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AP Mocks Republicans For Bipartisan Offers

From an endlessly smug Associated Press:

Cutting deficits harder than just talking about it

December 4, 2011

WASHINGTON (AP) — The coming year-end spending spree after so much debate over budget deficits shows just how hard it is to stem the government’s flow of red ink.

Lawmakers are poised to spend $120 billion or so to renew a Social Security tax cut that averaged just under $1,000 per household this year. They’re ready to commit up to $50 billion more to continue unemployment benefits to people out of work for more than half a year.

And doctors have no reason to doubt they won’t be rescued, again, from steep cuts in their Medicare payments. Combine that with the tax cuts and jobless benefits, and Congress could add almost $200 billion to the federal ledger this month.

That’s why it’s excruciatingly difficult to cut the deficit, even when the House is dominated by tea party forces

This is the reward Tea Party supporters and other Republicans in Congress get for offering to compromise. They are mocked and ridiculed by the news media.

And, while we are at it, why isn’t the Tea Party ever capitalized, when even the AstroTurf ‘Occupy Wall Street’ movement always is?

Republicans insist that extending the Social Security tax cut and jobless benefits for the long-term unemployed must be paid for through cuts to other programs or finding other nontax sources of money for them.

But using any such arrangements means they’re no longer available for cutting deficits.

A list presented Friday to Republicans at a private caucus contained "cuts" that are among the easiest to enact. They include around $15 billion from new auctions of broadcast spectrum to wireless companies, and $35 billion by increasing the fee that mortgage companies Fannie Mae and Freddie Mac charge lenders to guarantee repayment of new loans. The fee increase would add $15 a month to the monthly cost of an average new mortgage, the White House estimates.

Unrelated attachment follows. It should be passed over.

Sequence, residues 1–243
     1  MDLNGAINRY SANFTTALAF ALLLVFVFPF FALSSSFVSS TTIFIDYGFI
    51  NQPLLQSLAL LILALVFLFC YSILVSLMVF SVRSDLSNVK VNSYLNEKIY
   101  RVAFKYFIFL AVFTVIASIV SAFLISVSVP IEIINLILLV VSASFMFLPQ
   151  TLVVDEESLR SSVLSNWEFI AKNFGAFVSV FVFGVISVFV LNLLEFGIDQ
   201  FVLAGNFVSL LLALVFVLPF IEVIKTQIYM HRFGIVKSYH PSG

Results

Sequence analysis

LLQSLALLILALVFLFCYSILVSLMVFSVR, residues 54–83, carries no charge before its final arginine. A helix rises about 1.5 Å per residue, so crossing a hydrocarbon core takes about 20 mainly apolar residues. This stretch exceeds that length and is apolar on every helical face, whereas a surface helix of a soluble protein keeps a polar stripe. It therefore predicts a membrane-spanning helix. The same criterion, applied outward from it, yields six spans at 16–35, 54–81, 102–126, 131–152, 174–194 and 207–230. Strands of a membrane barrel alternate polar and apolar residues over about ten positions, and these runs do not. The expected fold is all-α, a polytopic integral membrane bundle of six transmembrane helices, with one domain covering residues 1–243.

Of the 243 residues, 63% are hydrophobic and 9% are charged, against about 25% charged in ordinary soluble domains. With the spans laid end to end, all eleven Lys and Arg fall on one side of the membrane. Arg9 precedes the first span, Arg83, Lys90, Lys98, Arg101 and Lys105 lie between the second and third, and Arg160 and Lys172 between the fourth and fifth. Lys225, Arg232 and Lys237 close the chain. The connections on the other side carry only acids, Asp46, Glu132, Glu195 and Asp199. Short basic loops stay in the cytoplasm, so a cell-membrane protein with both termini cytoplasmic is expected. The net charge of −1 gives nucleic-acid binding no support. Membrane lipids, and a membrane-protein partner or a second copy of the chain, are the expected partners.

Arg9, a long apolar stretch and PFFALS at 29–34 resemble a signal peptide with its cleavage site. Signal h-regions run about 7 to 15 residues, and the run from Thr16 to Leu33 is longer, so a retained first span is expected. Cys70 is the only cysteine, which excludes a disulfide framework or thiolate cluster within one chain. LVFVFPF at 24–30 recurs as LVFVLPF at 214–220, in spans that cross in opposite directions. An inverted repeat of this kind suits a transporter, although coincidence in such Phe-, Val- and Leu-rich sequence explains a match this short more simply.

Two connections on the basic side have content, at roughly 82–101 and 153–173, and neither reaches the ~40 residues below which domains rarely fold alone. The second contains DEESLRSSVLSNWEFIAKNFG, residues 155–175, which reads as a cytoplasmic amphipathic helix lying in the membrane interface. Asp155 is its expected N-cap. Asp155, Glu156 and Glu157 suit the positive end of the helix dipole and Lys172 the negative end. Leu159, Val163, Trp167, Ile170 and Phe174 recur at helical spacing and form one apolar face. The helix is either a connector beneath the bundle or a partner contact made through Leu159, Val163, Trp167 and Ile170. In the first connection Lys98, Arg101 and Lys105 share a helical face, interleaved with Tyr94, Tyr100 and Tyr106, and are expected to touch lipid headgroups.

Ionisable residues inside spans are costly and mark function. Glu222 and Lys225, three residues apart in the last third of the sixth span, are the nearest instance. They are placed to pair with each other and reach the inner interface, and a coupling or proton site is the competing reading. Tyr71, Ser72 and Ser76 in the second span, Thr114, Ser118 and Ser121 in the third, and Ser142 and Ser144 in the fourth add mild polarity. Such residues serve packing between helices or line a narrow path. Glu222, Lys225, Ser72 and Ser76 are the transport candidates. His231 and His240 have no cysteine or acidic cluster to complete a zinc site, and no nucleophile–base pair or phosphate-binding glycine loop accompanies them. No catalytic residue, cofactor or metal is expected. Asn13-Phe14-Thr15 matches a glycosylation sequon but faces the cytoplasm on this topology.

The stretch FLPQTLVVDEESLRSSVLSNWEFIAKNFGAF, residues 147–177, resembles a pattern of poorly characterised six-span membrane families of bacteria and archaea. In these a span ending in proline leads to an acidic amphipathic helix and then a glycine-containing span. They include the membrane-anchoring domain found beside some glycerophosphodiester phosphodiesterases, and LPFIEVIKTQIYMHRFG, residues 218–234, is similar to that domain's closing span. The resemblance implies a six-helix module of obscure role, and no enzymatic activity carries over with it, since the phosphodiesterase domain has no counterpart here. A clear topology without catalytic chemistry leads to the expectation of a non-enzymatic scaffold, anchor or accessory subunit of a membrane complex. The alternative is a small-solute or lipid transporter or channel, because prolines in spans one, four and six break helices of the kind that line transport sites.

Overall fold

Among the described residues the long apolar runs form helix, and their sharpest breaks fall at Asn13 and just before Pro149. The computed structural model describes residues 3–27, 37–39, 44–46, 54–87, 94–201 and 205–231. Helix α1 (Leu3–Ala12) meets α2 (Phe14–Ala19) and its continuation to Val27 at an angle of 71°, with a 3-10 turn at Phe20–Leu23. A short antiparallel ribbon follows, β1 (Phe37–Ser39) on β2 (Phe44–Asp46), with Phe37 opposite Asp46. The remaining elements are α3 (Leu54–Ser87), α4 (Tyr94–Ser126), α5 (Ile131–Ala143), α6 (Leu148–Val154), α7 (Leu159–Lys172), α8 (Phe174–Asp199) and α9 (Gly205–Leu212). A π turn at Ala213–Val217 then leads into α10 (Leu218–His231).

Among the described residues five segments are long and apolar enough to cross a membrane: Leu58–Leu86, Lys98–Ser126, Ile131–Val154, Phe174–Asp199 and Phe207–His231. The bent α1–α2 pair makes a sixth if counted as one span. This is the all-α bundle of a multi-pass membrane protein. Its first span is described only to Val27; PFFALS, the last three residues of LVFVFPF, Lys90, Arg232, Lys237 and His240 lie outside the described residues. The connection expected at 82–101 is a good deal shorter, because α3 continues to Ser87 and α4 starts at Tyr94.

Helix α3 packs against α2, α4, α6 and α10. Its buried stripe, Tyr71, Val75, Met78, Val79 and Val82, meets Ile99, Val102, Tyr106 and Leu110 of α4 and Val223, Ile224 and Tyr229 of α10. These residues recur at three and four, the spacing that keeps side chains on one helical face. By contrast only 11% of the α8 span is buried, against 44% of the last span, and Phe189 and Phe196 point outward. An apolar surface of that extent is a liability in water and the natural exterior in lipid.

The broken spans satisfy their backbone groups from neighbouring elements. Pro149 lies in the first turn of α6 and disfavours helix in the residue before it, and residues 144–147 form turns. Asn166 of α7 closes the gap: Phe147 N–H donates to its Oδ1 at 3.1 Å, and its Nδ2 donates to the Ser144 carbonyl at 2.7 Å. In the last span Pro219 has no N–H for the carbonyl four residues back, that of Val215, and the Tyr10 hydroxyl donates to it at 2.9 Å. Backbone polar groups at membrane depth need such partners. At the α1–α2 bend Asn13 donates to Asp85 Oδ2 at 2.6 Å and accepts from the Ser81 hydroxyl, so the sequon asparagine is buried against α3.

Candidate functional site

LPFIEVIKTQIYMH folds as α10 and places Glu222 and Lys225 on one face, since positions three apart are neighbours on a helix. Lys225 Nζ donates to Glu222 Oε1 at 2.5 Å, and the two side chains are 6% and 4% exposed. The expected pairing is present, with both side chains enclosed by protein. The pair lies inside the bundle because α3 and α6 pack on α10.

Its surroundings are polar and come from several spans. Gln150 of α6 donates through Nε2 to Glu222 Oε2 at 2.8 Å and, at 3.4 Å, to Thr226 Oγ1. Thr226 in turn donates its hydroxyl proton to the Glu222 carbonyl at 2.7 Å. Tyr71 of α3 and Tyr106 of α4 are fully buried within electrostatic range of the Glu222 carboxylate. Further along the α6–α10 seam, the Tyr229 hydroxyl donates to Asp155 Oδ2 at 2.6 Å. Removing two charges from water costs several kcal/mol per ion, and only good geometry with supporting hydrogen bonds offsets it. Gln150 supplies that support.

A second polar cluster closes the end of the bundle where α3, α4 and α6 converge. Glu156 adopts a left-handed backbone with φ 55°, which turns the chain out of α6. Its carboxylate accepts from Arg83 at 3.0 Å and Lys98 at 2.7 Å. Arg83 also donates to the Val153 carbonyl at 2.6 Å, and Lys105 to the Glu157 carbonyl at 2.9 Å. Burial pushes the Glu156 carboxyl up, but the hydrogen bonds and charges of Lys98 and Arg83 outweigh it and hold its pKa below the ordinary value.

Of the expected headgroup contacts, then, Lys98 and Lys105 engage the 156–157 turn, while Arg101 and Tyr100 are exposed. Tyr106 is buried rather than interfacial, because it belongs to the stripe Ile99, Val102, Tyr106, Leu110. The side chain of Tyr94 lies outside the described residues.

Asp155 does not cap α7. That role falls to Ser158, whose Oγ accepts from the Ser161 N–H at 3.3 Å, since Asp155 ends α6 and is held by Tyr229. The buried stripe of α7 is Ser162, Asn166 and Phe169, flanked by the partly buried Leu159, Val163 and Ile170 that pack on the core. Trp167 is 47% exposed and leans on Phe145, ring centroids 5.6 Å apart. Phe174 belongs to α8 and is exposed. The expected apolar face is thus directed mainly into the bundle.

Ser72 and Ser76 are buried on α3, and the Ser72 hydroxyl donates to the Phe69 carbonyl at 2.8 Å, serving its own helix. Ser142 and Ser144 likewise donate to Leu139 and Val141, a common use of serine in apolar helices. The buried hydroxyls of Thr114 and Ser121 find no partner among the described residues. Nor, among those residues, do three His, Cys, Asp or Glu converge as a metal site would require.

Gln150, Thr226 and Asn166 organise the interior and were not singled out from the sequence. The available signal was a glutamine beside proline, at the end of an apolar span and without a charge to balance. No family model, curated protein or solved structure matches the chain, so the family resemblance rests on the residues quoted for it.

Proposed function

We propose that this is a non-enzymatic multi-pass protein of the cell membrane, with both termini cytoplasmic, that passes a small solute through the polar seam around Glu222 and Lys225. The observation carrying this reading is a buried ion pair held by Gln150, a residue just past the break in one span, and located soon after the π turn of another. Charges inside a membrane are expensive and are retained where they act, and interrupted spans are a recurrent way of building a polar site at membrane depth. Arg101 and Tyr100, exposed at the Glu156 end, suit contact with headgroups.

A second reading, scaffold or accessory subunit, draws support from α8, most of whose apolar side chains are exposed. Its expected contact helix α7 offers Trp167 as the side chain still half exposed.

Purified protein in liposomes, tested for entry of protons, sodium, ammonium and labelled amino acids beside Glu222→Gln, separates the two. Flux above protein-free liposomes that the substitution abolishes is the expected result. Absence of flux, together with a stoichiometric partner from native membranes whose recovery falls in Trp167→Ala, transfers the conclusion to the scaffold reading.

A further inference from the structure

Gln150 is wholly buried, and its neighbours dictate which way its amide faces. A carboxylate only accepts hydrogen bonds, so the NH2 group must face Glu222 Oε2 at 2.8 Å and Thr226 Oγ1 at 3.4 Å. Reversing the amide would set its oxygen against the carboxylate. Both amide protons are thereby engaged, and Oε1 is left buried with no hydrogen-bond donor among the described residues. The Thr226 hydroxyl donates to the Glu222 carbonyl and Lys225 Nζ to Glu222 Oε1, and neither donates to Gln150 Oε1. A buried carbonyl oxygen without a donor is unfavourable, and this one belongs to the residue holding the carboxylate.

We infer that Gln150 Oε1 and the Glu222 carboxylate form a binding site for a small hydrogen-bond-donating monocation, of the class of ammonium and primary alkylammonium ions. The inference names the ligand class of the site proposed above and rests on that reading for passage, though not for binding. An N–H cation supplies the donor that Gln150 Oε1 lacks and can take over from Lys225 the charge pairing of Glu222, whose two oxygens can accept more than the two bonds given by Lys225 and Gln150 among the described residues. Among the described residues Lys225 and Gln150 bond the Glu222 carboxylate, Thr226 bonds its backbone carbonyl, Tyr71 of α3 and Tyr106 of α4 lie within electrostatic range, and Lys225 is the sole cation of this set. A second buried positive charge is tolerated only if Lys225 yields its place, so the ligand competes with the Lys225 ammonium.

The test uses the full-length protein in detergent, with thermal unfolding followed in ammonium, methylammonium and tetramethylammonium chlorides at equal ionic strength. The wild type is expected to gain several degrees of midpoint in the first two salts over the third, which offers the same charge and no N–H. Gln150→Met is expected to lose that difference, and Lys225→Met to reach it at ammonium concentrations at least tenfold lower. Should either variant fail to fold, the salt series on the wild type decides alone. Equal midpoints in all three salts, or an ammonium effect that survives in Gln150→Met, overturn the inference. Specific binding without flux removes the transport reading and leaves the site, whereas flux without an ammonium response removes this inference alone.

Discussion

These spending cuts are measured over 10 years to pay for deficit spending that occurs over the next year or so, which has generated much grumbling among conservatives.

"It’s a gimmick," said Rep. Jeff Flake, R-Ariz. He complained that the pay-for proposals are spread over a decade while the tax savings to workers and aid for the unemployed are for a single year. He predicted the same dance would occur again year from now when both parties will feel the political pressure to renew them again

And he is right, of course.

Still, the hypocrisy of the news media is as always breathtaking.

This article was posted by Steve on Monday, December 5th, 2011. Comments are currently closed.

2 Responses to “AP Mocks Republicans For Bipartisan Offers”

  1. tranquil.night says:

    You listening Boehner?

  2. Papa Louie says:

    Clearly Democrats are setting a trap for Republicans. It’s the same trap they set for the senior George Bush when they convinced him that raising taxes was the only “reasonable” way to compromise with them. Then they turned on him for violating his “read my lips” promise. The trap worked quite well in helping Democrats win back the presidency. Now they want to pull the same trick with today’s Republicans. Democrats couldn’t care less about the deficit. They simply use the deficit as an excuse to raise taxes, which they then use to justify increased government spending.

    I hope Republicans don’t fall for the trap again. But with pressure from the media to compromise with Democrats, I fear they will wear down over time. Eventually, in the spirit of compromise, they will give in to raising taxes “just a little bit.” When they do, the trap will be sprung. Instead of receiving the praise they expect for being “reasonable”, the media will treat them just like they did George H. W. Bush. They will be branded as untrustworthy flip-floppers for breaking their promise to the Tea Party not to raise taxes. It’s funny how Republicans get hammered for breaking a promise on taxes but Obama gets a complete pass (even from Republicans) for breaking his recent promise not to raise taxes for two years. I hope Republicans can avoid the trap this time, but history tells us they will fall for it again. Then, unexpectedly, Pe-lucy will move the football at the last second and they will fall flat on their backs wondering why they fell for the same trick again.

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